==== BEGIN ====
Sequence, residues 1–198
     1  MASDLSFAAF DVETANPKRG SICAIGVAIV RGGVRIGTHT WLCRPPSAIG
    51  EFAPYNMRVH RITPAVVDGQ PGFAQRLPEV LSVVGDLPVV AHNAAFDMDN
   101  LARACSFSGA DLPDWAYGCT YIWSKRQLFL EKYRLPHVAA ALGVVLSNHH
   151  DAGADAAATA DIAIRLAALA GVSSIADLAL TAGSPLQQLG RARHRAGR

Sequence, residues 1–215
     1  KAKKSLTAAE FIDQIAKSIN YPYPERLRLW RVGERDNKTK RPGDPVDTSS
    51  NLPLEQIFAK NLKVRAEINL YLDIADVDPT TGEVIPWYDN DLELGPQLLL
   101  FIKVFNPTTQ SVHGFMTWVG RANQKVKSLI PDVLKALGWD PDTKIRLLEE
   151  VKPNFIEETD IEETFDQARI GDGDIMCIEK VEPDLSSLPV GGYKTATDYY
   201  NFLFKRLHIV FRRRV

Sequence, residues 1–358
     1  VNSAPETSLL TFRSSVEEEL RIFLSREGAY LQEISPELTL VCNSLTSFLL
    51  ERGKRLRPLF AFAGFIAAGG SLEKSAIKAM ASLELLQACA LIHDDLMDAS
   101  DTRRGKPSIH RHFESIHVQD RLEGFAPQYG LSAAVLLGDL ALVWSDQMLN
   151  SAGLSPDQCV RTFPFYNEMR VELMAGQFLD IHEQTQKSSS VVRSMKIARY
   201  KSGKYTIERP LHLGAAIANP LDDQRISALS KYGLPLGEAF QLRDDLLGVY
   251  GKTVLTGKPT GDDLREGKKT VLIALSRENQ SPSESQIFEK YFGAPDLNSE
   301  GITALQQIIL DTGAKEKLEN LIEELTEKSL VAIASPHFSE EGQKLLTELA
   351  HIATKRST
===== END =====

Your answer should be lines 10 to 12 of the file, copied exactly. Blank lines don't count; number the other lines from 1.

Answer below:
   151  VKPNFIEETD IEETFDQARI GDGDIMCIEK VEPDLSSLPV GGYKTATDYY
   201  NFLFKRLHIV FRRRV

Sequence, residues 1–358